I decide that Beaver Creek near Canon City, Colorado, where I had some great fishing last fall may be the ticket. It’s only about 1 ½ hours from the cabin, and I can also catch it on the way back from Denver after visiting my son Matthew and little granddaughter Aly. When I check the Colorado Water Talk website, I figure now rather than in July or August—Beaver Creek is already running very low at about 5 CFS—late summer conditions. I also want to scout out the creek as a possible trip with my Matthew and Aly in a couple of weeks. She’s about 2 ½ years old and ready to catch her first fish!!
Note: Please read this article in tandem with my earlier blog on late fall fishing (December 6) that contains more detailed information on essential gear, flies, and technique.
I ease into the crystal clear pool where Beaver Creek cascades up against a big cliff. True to the inside scoop from a Colorado Springs fly shop, I have already caught a couple of beautiful small browns. The skinny is that lots of 4-to-11 inch trout inhabit this pristine little stream near Canon City. Nothing much bigger. But then I catch sight of a silver blue form undulating deep in the hole.
Then it’s gone. Maybe a rainbow trout? I gently loft my two-fly rig—a Royal Trude dry on top trailed by my old reliable green hotwire caddis nymph—into the cascade and watch it drift down gracefully, enticingly up against the cliff then bounce downstream. How could any fish resist? I try again…and again. Nobody home? I am just about ready to move on, when a small swirling back eddy above the craggy rocks catches my eye. I reach out with my rod, using my 36-inch long arms to maximum advantage, and flip the dry/dropper against the rock wall into the foam of the eddy, which is swirling slowly upstream in reverse. The dry twists and turns, then disappears. I reflexively set the hook and feel the bottom. Grrrr! But then it begins to move, and I see the light-colored back of a big rainbow. He knows his home territory and dives under the rocks, but my stout 5-weight rod is up to the task and slowly he comes my way. Then he jets downstream into shallower water, a fatal mistake—I can more easily play him out in the open. In a minute he is sliding into my net for a quick measure and photo. I am astonished to find he is a tad over 15-inches!! So much for Lilliputian trout!! And just a couple of days before December! Another legend of the late fall.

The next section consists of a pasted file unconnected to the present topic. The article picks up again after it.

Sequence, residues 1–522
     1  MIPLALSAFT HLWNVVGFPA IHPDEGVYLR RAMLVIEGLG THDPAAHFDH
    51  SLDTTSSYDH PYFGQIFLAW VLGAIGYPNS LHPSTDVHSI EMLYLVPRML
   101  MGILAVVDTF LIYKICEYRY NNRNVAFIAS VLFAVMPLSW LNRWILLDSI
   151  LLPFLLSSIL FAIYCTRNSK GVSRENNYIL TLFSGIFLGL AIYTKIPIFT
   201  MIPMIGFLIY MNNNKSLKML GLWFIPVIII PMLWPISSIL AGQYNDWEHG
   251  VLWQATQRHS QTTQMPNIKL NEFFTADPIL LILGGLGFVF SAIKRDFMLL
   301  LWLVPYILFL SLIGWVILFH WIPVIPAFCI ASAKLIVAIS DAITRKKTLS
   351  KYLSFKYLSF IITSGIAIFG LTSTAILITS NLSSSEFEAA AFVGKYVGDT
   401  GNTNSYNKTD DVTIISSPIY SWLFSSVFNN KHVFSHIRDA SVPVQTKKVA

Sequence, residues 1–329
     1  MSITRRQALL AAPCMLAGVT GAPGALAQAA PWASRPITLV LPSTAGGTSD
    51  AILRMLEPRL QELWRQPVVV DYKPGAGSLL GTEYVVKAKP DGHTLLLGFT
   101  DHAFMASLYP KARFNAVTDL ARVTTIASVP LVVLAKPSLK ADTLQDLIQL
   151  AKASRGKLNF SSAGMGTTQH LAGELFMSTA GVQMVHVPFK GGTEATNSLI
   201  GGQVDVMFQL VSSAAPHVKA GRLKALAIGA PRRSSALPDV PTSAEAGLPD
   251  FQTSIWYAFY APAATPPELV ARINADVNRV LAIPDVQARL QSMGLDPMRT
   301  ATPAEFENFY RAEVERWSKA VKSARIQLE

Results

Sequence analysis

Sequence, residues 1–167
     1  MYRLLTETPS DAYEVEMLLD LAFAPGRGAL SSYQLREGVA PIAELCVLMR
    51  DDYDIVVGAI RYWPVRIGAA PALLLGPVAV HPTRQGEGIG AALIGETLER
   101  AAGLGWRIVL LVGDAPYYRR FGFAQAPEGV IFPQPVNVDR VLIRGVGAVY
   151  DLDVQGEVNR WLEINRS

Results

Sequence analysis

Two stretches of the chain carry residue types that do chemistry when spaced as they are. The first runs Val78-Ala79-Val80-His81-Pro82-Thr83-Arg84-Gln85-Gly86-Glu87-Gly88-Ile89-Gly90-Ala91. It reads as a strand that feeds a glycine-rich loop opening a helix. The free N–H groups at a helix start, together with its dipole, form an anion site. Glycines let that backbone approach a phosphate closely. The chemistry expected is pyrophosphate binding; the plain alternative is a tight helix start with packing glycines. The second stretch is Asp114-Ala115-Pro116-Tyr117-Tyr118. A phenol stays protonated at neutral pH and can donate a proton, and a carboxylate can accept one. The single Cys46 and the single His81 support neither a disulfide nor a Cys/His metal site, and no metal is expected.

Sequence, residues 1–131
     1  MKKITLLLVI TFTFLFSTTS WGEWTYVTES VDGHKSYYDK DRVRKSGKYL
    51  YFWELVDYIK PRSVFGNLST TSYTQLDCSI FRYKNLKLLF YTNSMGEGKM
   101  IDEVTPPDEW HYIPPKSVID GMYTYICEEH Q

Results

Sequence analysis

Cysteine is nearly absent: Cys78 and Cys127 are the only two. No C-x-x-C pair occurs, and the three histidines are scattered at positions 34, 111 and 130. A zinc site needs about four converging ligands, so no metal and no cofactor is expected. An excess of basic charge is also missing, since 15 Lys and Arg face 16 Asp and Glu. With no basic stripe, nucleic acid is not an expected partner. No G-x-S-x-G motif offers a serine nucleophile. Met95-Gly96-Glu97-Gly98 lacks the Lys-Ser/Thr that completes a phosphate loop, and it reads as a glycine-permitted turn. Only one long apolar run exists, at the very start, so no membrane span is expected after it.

It’s mid-November, and I am traversing down a steep slope into the canyon where Grape Creek runs free. It’s a balmy 50 degrees, but I’m crunching through a few inches of snow left over in shaded areas from a storm earlier in the week.
After stowing my RC Cola and Almond Joy candy bar in a snow bank, I ease into the water. It’s icy, and I do mean icy cold–only increasing my growing doubts about finding any willing fish. The sun is just climbing over the canyon rim, lighting up the good-looking u-shaped pool created where the creek plunges over a riffle and head first into a big rock palisade. I start throwing a line, and to my surprise on the third cast something big nails the caddis nymph that trails a couple of feet below the Royal Coachman Trude dry. After a good tussle, a brightly colored 15-inch rainbow eases into the net. All doubts evaporate. It’s the start of another banner late fall angling escapade.